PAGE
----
Someone said, “God gave us two ears but only one mouth. Some people say that’s because He wanted us to spend twice as much time...
The Power of Pressure in Leader DevelopmentMalcolm Webber
In our last Letter we looked at the power of pressure in leader development.
There are several cautions we must observe as we introduce pressure into the lives of emerging leaders:
- It is not true that “the more we make them suffer, the more they will grow.” God allows suffering in our lives, but He does so wisely. We should not just callously or arbitrarily throw people into the fire, thinking this will automatically improve them. We should be intentional and careful about exposing emerging leaders to various forms of pressure. A boxer said to his manager, “I want to fight the champ.” The manager said, “No, you’re not ready for the champ.” “But I want to fight him. I’m ready. Why can’t I fight him?” “Because,” said the manager, “you’ve only so many fights in you, and it’s my job to pick the right ones.” In the same way, we need to protect our emerging leaders by carefully designing what they experience.
- It is not the suffering itself that purifies us – it is how we respond to the suffering that counts. Suffering can go both ways – it can hurt us or help us (Matt. 21:44). Sadly, the reality is that most people are hurt through their suffering.
- It should not be a constant fire. God allows us to suffer for “a little while” (1 Pet. 1:6; 5:10); this suffering is not continuous, but periodic, from time to time.
- It should not be to the extent that it destroys them. God does not allow us to be tested beyond what we can bear (1 Cor. 10:13).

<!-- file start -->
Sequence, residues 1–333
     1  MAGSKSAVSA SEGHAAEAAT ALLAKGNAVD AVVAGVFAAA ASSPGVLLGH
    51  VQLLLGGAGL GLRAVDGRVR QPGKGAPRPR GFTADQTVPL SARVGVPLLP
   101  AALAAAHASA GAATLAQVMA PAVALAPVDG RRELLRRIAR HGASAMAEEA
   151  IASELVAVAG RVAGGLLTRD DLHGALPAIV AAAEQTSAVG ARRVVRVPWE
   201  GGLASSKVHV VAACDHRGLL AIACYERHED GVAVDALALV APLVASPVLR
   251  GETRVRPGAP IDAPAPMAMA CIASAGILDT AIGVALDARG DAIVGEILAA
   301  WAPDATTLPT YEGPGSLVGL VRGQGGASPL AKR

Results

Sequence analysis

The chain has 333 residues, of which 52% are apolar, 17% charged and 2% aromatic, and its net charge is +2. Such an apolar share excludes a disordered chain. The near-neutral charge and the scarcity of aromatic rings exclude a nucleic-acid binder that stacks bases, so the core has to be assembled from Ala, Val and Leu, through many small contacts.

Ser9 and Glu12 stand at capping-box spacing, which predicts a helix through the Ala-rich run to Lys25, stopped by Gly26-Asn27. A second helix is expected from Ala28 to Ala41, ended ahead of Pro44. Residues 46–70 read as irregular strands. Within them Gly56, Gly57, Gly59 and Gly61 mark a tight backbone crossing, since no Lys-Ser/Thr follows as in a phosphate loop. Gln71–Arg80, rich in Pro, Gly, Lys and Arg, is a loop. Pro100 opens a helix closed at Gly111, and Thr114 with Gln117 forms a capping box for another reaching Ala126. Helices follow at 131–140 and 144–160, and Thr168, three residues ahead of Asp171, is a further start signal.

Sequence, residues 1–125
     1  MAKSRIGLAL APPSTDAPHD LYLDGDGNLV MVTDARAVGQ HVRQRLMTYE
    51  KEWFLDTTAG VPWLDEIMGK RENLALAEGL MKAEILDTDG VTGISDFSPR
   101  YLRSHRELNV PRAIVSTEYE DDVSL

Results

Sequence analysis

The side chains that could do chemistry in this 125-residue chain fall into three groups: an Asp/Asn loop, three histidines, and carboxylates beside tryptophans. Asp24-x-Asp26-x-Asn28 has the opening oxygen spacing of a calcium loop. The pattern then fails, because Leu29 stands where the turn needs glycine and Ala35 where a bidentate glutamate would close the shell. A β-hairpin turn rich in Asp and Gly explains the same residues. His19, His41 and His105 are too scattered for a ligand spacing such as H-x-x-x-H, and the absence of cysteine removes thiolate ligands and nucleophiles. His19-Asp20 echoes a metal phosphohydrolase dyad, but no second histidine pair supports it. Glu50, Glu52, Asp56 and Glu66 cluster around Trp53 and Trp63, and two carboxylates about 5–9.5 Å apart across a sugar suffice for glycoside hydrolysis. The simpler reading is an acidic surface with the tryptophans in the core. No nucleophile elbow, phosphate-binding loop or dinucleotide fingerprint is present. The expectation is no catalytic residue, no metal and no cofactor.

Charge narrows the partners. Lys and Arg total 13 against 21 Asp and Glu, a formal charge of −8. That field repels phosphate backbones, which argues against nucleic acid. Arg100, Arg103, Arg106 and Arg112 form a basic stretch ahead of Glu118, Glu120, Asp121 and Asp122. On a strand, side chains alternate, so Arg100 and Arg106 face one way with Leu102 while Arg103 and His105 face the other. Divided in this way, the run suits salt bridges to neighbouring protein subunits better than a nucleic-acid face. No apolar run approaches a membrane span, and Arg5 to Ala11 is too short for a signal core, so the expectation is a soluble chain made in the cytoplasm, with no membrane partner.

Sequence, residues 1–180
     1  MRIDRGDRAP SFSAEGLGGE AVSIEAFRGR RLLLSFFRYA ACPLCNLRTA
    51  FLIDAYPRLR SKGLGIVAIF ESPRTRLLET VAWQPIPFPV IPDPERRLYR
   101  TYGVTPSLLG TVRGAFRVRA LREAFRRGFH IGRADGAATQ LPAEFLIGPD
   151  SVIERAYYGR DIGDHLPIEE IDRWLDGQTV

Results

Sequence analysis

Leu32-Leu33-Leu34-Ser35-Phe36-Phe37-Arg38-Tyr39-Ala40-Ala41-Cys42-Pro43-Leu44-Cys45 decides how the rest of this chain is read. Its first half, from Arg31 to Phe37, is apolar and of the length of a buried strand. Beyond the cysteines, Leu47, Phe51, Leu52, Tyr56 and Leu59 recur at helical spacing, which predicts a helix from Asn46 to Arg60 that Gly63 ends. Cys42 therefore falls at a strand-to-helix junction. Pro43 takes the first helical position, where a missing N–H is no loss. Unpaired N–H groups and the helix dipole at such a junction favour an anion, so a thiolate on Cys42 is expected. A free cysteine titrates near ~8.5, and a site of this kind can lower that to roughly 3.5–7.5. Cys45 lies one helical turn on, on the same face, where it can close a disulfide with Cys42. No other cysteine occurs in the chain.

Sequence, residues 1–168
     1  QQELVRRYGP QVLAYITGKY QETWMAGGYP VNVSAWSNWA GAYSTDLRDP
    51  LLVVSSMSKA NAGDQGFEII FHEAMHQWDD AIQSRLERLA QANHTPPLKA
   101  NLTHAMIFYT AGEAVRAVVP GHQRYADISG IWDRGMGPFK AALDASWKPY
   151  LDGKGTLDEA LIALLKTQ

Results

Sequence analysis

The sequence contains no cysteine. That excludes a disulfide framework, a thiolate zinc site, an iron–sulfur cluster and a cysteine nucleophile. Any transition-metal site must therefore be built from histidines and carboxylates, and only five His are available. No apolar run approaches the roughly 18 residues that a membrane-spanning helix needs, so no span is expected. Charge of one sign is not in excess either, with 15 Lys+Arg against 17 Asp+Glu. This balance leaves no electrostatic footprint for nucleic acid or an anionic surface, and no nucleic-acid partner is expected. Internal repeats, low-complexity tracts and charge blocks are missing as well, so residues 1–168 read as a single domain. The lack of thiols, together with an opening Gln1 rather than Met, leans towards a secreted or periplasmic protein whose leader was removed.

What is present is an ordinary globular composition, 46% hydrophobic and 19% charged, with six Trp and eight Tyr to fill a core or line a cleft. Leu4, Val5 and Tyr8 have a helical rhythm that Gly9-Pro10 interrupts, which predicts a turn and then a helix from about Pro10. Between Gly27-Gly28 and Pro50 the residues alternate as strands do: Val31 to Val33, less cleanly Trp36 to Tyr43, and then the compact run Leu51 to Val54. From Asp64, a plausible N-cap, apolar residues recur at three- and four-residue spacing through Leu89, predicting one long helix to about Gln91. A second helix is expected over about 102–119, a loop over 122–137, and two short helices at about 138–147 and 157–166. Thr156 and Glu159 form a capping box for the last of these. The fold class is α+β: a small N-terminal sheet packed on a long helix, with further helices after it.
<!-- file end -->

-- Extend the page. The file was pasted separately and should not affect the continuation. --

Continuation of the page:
- In the midst of suffering and pressure, emerging leaders need comfort. When God allows suffering, He often does not give deliverance from it, but comfort in it (2 Cor. 1:3-5). God allows us to go through the fire, but He does not leave us alone in the fire (Dan. 3:25). Thus, before we introduce pressure, we must ensure that a supportive community has first been built around the emerging leaders.
Here are some specific ways in which pressure can be created to build character in emerging leaders:
- Difficult assignments that are beyond their ability. Jesus left his disciples to deal with the demonized boy when it was beyond their capacity (Matt. 17:16). A new situation where mistakes in action and judgment may become obvious to others demands genuine humility and moral courage.
- Giving them the opportunity to give up (cf. John 6:67).
- Confusing assignments that are unclear or ambiguous.
- Multiple assignments of different kinds at the same time.
- Simply being required to work in teams; this is very hard for some people.
- “Interesting” team combinations. (Do not put all the “people-people” together in the same teams.)
- Changing teams regularly.
- Circumstantial accidents.
- Specific assignments that create possible rejection, etc.
- Humbling service.
- Limited resources.
- Challenging ministry responsibilities.
- Balancing relationships and tasks.
- Spontaneous assignments.
As we prayerfully and carefully introduce pressure into our leader development design, we will give our emerging leaders the opportunity to more deeply embrace the cross and the resurrection life that follows.